Matthew Miller, Forbes Magazine
Oprah Winfrey (Pictured left) is one of the most lucrative brands in the world. Today The Oprah Winfrey Show airs in 144 countries, drawing 44 million U.S. viewers each week. Her Harpo Productions helped create the likes of Dr. Phil and Rachael Ray. She's produced Broadway shows and has her own satellite radio channel. For all of this, she consistently earns more than $200 million a year.
And unlike many others on our list, her business is weathering the recession well. Winfrey continues to entice viewers with money-saving tips, celebrity interviews and relationship advice. She's debuting a new show this fall, which will be hosted by frequent guest Dr. Oz, and is planning to launch The Oprah Winfrey Network early next year.
With a net worth of $2.7 billion, Winfrey tops the inaugural Forbes list of the Wealthiest Black Americans. She is the only billionaire on the list of 20 tycoons, all of whom are self-made. The group built their fortunes across a spectrum of industries spanning athletics and entertainment, media, investments, real estate, construction and restaurants.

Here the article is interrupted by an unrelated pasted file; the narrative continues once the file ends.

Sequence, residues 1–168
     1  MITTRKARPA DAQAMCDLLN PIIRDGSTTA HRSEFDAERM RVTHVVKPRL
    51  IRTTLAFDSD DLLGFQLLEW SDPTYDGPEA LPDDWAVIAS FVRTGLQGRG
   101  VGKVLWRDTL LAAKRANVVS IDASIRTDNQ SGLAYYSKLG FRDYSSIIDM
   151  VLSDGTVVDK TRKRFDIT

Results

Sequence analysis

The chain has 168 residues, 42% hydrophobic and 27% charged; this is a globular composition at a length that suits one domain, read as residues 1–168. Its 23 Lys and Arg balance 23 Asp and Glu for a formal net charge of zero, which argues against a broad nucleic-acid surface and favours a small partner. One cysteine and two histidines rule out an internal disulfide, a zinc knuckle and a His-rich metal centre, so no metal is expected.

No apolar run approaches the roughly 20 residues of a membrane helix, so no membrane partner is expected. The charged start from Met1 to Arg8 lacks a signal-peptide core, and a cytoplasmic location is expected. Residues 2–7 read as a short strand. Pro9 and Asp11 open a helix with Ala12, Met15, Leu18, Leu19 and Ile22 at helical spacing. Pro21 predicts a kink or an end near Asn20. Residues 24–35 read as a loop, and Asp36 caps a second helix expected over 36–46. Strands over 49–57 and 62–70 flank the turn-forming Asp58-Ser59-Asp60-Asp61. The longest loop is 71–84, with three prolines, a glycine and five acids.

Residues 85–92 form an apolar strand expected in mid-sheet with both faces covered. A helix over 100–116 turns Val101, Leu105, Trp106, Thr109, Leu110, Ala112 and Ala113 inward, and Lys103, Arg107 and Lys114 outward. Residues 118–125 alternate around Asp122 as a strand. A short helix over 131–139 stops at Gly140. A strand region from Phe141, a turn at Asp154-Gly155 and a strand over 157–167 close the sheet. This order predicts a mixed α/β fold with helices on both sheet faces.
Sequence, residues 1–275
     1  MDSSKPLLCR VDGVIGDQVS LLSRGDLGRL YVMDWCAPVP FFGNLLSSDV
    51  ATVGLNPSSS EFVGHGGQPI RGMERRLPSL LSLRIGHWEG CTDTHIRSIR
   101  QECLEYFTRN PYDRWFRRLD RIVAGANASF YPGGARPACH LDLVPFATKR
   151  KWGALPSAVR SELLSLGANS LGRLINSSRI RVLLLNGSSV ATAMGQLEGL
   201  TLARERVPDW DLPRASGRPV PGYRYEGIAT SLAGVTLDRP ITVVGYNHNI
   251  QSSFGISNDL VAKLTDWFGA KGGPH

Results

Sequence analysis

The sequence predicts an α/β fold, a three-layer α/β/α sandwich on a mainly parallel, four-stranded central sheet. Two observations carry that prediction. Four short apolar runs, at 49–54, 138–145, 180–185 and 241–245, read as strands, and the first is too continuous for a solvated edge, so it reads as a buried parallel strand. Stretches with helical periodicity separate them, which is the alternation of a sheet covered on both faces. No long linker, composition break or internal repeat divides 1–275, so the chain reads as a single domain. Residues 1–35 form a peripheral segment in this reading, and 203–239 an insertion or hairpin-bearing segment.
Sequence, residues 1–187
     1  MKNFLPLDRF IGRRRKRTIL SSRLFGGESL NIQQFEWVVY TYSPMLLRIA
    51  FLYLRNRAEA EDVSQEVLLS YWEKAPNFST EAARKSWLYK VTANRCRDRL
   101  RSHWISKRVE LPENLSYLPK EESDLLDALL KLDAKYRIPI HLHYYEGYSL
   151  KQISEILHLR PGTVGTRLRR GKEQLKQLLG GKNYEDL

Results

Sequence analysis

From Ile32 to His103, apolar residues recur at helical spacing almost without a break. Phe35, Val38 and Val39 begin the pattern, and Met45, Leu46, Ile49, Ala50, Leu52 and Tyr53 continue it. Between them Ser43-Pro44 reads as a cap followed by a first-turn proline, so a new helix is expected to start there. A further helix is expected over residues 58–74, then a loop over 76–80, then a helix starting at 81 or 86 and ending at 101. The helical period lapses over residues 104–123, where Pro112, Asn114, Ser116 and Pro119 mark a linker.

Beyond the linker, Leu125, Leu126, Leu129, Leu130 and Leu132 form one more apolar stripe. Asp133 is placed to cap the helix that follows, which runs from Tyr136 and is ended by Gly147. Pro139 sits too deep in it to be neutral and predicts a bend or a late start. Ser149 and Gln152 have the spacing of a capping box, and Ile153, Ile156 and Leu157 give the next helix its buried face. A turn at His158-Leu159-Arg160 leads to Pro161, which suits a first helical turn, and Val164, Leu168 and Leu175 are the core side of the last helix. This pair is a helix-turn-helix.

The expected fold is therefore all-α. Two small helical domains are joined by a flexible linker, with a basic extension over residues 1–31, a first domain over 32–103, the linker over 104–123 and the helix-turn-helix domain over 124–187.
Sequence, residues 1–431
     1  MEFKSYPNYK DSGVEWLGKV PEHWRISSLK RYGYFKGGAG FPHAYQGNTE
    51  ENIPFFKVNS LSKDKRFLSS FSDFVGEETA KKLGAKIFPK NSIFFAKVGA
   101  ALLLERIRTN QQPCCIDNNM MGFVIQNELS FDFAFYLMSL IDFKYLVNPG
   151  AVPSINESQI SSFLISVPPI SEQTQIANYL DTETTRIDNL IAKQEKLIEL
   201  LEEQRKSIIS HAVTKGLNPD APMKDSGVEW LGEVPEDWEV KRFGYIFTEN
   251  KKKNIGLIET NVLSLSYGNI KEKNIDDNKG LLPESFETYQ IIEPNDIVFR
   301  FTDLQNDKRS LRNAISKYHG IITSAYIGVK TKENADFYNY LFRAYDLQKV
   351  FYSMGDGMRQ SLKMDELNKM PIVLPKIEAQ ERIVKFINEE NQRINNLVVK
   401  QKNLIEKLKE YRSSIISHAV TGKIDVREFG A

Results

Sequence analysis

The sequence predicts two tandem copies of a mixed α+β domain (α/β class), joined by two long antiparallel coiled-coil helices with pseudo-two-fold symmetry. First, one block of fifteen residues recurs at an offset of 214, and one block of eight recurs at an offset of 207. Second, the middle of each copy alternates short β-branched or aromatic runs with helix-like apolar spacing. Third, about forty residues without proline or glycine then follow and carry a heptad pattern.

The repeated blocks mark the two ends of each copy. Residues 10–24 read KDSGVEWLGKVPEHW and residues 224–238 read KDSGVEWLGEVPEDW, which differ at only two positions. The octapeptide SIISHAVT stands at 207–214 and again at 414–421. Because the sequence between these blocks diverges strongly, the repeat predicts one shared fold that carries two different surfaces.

Black Entertainment Television founder Robert Johnson became the first African American billionaire in 2000 after he sold the network to Viacom ( VIA - news - people ) for $3 billion in stock and assumed debt.
Between Winfrey and Robert Johnson, in second place is golf phenom Tiger Woods, worth an estimated $600 million. Woods left Stanford University after two years at age 20 to turn pro and has dominated the links ever since, winning 66 PGA tournaments--including 14 major championships.
Woods' career winnings exceed $80 million, but his real money is made off the course. His annual prize money represents less than 15% of his income, with splashy sponsorship contracts from Nike ( NKE - news - people ), Gatorade, Gillette, Accenture ( ACN - news - people ), AT&T ( T - news - people ) and others raking in at least $100 million each year.
Rounding out the top five are two basketball greats: Michael Jordan ($525 million) and Earvin "Magic" Johnson, Jr. ($500 million), both of whom parlayed their time on the court into lucrative endorsement and business deals in retirement.
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